Seventh, in oral arguments at the Second Circuit, Judge Raymond J. Lohier, Jr. directed a question to Justice Department counsel, asking how Apple and the publishers “could have broken Amazon’s monopoly of the e-book market without violating antitrust laws.” The DOJ attorney responded, according to an article in The New Yorker, by advising that

Apple could have let the competition among companies play out naturally without pursuing explicit strategies to push prices higher—or it could have sued, or complained to the Justice Department and to federal regulatory authorities.

But the DOJ itself brought no complaint against Amazon — it, instead, sued Apple. And the admonition that an aggressive innovator should sit back and let things “play out naturally” is exactly what will kill efficiency enhancing “creative destruction.” Moreover, the government’s view that Apple “pursued an explicit strategy to push prices higher” fails to acknowledge that Apple was the buyer. Such as it was, Apple’s effort was to compete, luring content suppliers from a rival. The response of the government is to recommend, on the one hand, litigation it will not itself pursue and, on the other, passive acceptance that avoids market disruption. It displays the error, as Judge Jacobs’ Second Circuit dissent puts it, “That antitrust law is offended by gloves off competition.” Why might innovation not be well served by this policy?

Eighth, the choice of rule of reason does not let Apple escape scrutiny, but applies it to both sides of the argument. It adds important policy symmetry. Dr. Miles impeded efficient market activity for nearly a century. The creation of new platforms in Internet markets ought not to have such handicaps. It should be recalled that, in introducing its iTunes platform and its vertically linked iPod music players, circa 2002, the innovative Apple likewise faced attack from competition policy makers (more in Europe, indeed, than the U.S.). Happily, progress in the law had loosened barriers to business model innovation, and the revolutionary ecosystem was allowed to launch. Key to that progressive step was the bulk bargain struck with music labels. Richard Epstein thinks that such industry-wide dealing now endangers Apple’s more recent platform launch. Perhaps. But there is no reason to jump to that conclusion, and much to find out before we embrace it.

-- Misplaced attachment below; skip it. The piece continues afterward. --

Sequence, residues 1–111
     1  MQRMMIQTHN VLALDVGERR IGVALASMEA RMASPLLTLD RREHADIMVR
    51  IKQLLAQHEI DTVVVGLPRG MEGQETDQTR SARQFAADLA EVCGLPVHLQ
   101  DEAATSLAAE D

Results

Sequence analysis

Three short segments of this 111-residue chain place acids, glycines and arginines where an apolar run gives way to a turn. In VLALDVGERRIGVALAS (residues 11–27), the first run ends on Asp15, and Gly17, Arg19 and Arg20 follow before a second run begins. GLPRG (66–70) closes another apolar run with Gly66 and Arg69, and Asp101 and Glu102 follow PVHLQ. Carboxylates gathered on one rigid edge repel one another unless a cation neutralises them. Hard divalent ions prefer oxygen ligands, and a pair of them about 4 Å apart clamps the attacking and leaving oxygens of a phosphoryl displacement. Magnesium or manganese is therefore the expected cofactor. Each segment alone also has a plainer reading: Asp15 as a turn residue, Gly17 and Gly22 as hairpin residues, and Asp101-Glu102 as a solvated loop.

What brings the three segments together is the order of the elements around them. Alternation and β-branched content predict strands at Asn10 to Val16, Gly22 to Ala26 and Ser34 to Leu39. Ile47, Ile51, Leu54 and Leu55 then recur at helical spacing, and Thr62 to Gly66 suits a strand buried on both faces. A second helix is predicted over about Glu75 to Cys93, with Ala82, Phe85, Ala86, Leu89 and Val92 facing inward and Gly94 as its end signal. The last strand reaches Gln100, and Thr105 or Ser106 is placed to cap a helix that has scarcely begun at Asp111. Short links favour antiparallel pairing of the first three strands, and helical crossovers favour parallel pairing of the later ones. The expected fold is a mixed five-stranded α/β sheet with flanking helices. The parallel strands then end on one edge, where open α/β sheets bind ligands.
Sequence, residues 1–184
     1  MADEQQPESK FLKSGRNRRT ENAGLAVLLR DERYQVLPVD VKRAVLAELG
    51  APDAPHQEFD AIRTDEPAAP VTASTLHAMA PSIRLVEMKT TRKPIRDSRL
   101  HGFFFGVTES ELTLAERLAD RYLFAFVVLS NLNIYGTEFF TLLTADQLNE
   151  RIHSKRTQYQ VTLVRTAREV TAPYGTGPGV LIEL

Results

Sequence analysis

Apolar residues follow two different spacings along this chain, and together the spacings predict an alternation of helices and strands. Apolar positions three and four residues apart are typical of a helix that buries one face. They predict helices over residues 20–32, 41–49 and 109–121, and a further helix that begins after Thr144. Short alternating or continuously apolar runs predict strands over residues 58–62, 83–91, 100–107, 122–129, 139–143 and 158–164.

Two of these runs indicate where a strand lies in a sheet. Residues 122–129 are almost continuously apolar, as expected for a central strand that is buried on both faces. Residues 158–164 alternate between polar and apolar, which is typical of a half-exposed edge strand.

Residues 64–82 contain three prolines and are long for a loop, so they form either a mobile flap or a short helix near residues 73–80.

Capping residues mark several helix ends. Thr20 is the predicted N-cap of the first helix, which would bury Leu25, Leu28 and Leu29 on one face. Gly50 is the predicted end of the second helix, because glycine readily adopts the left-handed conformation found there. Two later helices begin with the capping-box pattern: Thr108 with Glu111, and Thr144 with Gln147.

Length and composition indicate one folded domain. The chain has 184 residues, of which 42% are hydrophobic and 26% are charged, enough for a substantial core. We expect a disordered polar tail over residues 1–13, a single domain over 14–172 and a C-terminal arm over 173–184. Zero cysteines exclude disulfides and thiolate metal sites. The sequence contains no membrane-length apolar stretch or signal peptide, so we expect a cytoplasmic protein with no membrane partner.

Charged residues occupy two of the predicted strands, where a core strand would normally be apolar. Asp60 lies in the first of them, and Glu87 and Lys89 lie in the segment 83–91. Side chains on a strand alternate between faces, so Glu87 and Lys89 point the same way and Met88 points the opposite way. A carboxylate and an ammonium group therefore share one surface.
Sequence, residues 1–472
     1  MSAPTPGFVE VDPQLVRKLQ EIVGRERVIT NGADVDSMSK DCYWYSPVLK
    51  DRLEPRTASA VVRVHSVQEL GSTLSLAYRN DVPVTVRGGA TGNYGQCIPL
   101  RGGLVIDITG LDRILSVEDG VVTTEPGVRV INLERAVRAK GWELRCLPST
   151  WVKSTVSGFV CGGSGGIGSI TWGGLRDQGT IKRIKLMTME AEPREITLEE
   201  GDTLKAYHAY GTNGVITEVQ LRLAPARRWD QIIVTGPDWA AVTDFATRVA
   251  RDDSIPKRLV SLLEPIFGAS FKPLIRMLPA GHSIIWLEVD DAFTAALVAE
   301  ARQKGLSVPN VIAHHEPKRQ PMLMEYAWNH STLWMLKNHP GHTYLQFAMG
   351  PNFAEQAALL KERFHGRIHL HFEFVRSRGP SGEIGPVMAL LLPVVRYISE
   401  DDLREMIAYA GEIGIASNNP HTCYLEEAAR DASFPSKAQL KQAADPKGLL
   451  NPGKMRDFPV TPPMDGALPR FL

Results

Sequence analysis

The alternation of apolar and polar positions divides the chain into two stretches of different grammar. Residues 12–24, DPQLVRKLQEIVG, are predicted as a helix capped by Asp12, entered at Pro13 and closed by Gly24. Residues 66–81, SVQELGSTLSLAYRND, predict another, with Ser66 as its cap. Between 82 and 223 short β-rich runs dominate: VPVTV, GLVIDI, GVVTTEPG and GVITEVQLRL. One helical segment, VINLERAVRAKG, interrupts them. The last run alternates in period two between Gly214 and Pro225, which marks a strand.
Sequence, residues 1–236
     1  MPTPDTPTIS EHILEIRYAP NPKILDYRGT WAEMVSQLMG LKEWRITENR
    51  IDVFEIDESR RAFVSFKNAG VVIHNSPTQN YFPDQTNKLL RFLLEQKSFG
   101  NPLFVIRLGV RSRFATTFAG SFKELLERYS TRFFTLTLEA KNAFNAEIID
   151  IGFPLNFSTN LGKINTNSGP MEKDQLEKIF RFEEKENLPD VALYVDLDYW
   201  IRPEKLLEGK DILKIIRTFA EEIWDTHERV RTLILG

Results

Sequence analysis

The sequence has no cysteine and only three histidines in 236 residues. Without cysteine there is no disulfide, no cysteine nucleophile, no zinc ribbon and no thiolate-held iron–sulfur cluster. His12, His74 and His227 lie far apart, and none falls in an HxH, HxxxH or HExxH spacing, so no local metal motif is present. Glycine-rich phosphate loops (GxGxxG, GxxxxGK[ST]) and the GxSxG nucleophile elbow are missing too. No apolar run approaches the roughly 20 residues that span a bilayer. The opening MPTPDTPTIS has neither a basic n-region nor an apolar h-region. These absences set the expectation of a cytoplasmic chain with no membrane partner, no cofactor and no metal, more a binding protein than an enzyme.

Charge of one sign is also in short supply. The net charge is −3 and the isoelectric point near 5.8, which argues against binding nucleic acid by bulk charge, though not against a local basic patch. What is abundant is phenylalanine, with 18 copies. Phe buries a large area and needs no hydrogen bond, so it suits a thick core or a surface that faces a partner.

Mike Sykuta and I recently co-authored a short article discussing the latest evidence on, and proper legal treatment of, minimum resale price maintenance (RPM). Following is a bit about the article (which is available here).

Despite the U.S. Supreme Court’s Leegin decision holding that minimum RPM must be evaluated under antitrust’s Rule of Reason, the battle over the proper legal treatment of the practice continues to rage at both the federal and state levels.